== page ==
To date, few studies have examined the contribution of diet quality in the association between socioeconomic status (SES) and obesity. These studies have found that diet contributed to between 12% and 50% of the socioeconomic inequalities in obesity [19,20,21,22,23]. Importantly, these studies presented limitations in their findings. Firstly, they relied on self-reported measures and predominantly used BMI to define obesity, which only reflects total body fat and not visceral fat [24]. In population-based surveys, reliable estimates of visceral fat include WC, WHR, and waist-to-height ratio (WHtR) [24,25,26]. Other measures of body fat such as bioimpedance [27] or dual-energy X-ray absorptiometry (DEXA) are less used as they depend on the method used (bioimpedance) [28] or are too expensive to apply (DEXA) in epidemiological studies. Secondly, and crucially, these studies did not assess diet quality comprehensively—mostly focusing on single food groups [19,20,21,22,23]. We thus aimed to assess the contribution of diet in the association between education and obesity in Switzerland using a comprehensive measure of diet quality, the Alternate Healthy Eating Index (AHEI). We hypothesized that diet quality would substantially contribute to the socioeconomic inequalities in obesity.

2. Materials and Methods

We followed the STROBE recommendations for reporting. We used data from the population-based cross-sectional survey menuCH, conducted in 2014–2015 among non-institutionalized adults aged 18 to 75 years in the Swiss population. The study was approved by all regional ethics committees and adheres to the Declaration of Helsinki principles. Trained dietitians assessed dietary intake via two non-consecutive multi-pass computer-assisted 24-hour dietary recalls [29]. The menuCH study sampling and methodology is described in detail elsewhere [29].

2.1. Socioeconomic Status

Education was dichotomized into (1) tertiary education and (2) secondary/primary education (see Table S1 for detailed description of educational level). Monthly household income was categorized into three groups: (1) ≤ 6000 CHF, (2) >6000 to <9000 CHF, and (3) ≥ 9000 CHF (1.00 CHF = 1.00 USD = 0.90 EUR).

2.2. Diet Quality

We estimated diet quality via the 2010 version of the Alternate Healthy Eating Index (AHEI), which has been extensively used to study the association between diet quality and a series of chronic diseases, as well as cause-specific and all-cause mortality [30,31]. Briefly, the AHEI is an index composed of 11 food- and nutrient-specific components (Table S2), including vegetables, fruit, whole grains (defined as a carbohydrates-to-fiber ratio ≤ 10:1), sweetened beverages and fruit juices, nuts and legumes, red and processed meats, trans-fat, fish (as a proxy for long-chain n-3 fatty acids), polyunsaturated fatty acids, sodium, and alcoholic drinks intake [31]. The total score ranges from 0 (worst diet quality) to 110 (optimal diet quality). We created quintiles of the AHEI to use in the analysis, with the lowest quintile representing the unhealthiest diet quality and the highest quintile the healthiest diet quality. For sensitivity analyses, we computed the Mediterranean Diet Score (MDS), another comprehensive measure of diet quality extensively shown to be associated with reduced total mortality [32,33]. This score awards 1 point for an intake equal to or above the sex-specific median for vegetables, legumes, fruit and nuts, cereal products, fish, and ratio of monounsaturated to saturated fat, and 1 point for an intake below the sex-specific median for harmful foods (i.e., meat and dairy products). Moderate alcohol intake was awarded by 1 point if consumption was between 5 and 25 g/day for women, and 10 and 50 g/day for men (Table S3). The total score ranged from 0 to 9 points, with a higher score corresponding to higher adherence to the Mediterranean diet [34].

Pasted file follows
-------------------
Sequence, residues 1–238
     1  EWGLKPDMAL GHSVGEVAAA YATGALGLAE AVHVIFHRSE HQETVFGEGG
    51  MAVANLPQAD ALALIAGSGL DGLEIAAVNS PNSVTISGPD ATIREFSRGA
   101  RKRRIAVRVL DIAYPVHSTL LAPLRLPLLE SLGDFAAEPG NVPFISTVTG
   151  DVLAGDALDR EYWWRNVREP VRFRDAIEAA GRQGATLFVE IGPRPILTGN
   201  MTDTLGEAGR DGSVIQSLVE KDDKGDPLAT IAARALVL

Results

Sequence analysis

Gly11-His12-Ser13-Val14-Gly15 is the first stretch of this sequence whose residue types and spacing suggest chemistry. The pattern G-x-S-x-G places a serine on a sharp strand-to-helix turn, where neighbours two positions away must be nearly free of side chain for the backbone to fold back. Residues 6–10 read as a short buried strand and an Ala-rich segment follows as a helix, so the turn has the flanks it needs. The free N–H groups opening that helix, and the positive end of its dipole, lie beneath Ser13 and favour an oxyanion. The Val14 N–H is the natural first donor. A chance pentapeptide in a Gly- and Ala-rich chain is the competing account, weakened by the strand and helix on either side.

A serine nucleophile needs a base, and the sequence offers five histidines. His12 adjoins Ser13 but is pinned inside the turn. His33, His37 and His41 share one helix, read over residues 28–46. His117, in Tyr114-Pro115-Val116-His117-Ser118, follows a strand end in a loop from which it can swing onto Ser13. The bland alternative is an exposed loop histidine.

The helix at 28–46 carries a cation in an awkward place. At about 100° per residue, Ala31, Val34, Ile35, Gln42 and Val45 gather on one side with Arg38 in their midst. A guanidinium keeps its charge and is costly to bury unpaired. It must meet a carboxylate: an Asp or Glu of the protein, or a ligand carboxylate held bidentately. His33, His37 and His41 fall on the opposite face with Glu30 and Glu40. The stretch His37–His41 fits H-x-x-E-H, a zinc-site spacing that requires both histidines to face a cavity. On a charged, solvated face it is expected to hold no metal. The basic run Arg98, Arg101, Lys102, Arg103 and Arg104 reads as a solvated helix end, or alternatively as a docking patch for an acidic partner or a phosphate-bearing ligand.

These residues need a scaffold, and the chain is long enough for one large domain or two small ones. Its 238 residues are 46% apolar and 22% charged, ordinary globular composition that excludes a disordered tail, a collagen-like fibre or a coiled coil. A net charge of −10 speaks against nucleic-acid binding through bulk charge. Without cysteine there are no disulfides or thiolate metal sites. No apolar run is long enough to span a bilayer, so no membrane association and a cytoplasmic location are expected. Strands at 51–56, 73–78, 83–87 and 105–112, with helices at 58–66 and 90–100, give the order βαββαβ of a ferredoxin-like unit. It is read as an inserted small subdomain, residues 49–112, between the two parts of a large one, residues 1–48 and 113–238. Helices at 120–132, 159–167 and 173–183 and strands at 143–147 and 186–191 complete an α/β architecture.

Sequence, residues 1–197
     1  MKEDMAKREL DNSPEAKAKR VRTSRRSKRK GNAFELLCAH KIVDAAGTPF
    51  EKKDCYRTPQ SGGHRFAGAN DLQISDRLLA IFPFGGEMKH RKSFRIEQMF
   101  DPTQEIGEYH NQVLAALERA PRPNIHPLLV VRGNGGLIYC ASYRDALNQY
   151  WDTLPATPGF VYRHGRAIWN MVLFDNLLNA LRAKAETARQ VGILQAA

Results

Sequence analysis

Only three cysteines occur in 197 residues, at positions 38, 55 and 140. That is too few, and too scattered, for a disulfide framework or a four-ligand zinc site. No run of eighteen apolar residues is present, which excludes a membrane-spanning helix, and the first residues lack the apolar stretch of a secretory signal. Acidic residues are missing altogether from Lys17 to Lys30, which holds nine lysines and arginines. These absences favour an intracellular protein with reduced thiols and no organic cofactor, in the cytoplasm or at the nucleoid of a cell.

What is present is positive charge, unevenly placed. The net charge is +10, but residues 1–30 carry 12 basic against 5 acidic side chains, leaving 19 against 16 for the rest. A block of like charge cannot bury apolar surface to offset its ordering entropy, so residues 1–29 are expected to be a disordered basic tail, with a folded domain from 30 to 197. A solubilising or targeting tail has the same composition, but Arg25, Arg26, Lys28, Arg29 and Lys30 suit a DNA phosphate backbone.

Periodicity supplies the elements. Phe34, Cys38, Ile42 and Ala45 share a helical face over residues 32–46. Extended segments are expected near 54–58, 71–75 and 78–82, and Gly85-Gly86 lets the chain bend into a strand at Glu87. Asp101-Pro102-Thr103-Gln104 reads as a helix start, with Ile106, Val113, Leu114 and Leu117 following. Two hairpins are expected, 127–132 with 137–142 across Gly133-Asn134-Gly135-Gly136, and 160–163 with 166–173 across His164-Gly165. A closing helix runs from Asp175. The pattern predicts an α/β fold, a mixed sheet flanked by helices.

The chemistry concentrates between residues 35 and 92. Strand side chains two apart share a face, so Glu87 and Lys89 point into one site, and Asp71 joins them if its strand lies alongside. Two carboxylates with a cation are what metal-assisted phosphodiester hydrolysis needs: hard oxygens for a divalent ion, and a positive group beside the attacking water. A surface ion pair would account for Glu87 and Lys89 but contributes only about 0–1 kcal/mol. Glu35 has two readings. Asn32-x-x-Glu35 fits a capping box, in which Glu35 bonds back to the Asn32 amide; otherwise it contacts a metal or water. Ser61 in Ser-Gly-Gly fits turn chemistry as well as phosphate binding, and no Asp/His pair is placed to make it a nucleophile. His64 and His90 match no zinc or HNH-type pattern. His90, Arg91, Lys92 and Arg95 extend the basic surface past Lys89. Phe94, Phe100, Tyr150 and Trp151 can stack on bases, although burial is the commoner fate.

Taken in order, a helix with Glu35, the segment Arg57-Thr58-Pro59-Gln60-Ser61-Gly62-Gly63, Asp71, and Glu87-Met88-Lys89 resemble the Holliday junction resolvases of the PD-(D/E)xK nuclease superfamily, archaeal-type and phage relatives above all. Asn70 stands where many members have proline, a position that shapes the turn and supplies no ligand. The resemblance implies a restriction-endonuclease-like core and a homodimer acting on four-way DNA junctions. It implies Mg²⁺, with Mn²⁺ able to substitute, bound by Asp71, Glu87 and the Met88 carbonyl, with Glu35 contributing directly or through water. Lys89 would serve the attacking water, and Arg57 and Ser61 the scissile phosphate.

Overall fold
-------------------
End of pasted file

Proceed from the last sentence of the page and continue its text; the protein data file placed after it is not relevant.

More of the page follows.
2.3. Obesity Markers

We used four different measures of obesity, all of which have been shown to be associated with adiposity, risk of type 2 diabetes [35], and cardiovascular disease [36,37]. The following obesity markers were calculated from height, weight, and waist and hip circumference objectively measured by trained dietitians: (1) body mass index (BMI), (2) waist circumference (WC), (3) waist-to-hip ratio (WHR), and (4) waist-to-height ratio (WHtR). For each obesity marker, we defined obesity as follows: (1) BMI ≥ 30 kg/m2; (2) WC > 102 cm for men, > 88 cm for women; (3) WHR ≥ 0.90 for men, ≥ 0.85 for women; and (4) WHtR ≥ 0.5 for both men and women as recommended [25,38].

2.4. Covariates